Thursday, May 8, 2014

The Turtle's Shell by Vincent Eke

Seriously, I just really like Vincent.  He just makes me smile.

Actually, not only do I like him, but I'm impressed with his thinking behind the children's book series he's working on.  It's African folklore.  In the book, all the children draw around the fire to listen to an important moral tale from one of the village elders.  As the children are drawn into the tale, so is the reader.

First, I love that this is a fresh look at children's storytelling.  Folklore is a lost art and I'm glad to see someone reviving it.  The book isn't dumbed down at all.  For very young readers, it's a great story to share with them.  For older readers, they can easily keep up with the words and the meaning behind them.

Another thing I love involves the illustrations.  The front is simply, yet beautifully decorated.  Inside, we find warmth and calm, color wise, but we also find plain old black and white pictures so that children can draw the tale to look the way they want it to.  I think this is pure genius.  It's multi-purpose story-telling at its best.

The Turtle's Shell is a tale about learning how to share and honesty.  All of the forest animals are going hungry and they realize the humans have food, so they set on a mission to forage some food from them.  The agreement is that they'll bring back whatever they find and share it with all the other animals.  Trouble ensues when the animals noticed that the turtle and his family are growing stout, while the rest of them continue to wither away.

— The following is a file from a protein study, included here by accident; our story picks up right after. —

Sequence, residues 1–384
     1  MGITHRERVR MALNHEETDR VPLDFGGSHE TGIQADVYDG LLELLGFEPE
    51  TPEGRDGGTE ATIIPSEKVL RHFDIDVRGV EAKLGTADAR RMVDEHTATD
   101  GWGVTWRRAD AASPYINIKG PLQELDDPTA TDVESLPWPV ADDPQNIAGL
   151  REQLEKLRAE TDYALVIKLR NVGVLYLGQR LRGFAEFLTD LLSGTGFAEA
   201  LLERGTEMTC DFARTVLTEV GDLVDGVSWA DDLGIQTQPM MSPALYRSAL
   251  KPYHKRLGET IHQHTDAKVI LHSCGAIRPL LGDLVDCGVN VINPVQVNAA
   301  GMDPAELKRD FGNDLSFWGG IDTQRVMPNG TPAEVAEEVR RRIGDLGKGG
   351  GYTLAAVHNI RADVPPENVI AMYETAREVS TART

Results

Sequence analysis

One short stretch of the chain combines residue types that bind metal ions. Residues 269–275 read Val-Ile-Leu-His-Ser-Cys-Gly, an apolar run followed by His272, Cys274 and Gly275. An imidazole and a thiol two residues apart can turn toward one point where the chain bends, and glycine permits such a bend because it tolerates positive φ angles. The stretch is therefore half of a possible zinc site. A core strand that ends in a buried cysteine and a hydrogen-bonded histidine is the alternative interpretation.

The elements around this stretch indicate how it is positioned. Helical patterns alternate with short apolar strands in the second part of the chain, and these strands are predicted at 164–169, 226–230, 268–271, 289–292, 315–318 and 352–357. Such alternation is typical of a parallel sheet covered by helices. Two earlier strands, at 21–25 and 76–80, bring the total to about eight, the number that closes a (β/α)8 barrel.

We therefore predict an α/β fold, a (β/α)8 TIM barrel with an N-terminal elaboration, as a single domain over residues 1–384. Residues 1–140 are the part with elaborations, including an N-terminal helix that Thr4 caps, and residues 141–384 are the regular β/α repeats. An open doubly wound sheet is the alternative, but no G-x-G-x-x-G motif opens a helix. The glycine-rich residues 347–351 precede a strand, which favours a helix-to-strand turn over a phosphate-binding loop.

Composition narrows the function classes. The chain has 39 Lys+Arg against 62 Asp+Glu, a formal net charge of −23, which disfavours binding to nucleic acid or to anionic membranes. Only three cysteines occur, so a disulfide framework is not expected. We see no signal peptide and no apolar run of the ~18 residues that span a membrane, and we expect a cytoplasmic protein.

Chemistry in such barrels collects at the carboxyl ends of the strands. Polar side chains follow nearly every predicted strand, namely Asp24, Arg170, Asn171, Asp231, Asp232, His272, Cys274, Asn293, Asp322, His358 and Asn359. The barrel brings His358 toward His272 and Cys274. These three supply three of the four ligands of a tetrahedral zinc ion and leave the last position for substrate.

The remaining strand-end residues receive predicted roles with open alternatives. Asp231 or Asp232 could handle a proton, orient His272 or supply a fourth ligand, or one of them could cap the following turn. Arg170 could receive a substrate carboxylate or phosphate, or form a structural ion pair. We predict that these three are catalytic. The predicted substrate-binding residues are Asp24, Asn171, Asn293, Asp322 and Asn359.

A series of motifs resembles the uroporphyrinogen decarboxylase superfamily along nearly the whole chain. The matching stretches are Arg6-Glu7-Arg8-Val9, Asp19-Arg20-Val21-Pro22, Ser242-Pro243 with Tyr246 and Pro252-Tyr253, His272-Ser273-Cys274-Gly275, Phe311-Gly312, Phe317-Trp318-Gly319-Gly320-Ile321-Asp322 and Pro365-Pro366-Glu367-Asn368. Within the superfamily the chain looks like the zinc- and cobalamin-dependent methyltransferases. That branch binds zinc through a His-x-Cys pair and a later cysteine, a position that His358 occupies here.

I was a little concerned about what the level of violence would be, but Vincent handled it beautifully.  There are definite repercussions to the turtle's actions, and  violence is planned, but it turns out nicely.  I don't think it's enough to frighten small children, but definitely enough to make them stop and think about what being selfish could cause to happen.

At the end of the story, the children themselves tell you what they learned from the tale.  I found this entire story captivating and motivational.  I love the sense of morality and the ease with which the tale is told.  I love the sense of family and comeraderie that is built here.

Originally, Vincent had planned to do an entire book series with the same premise behind them, and I'm sincerely hoping that he'll continue on with that.  He has my vote and full support :)

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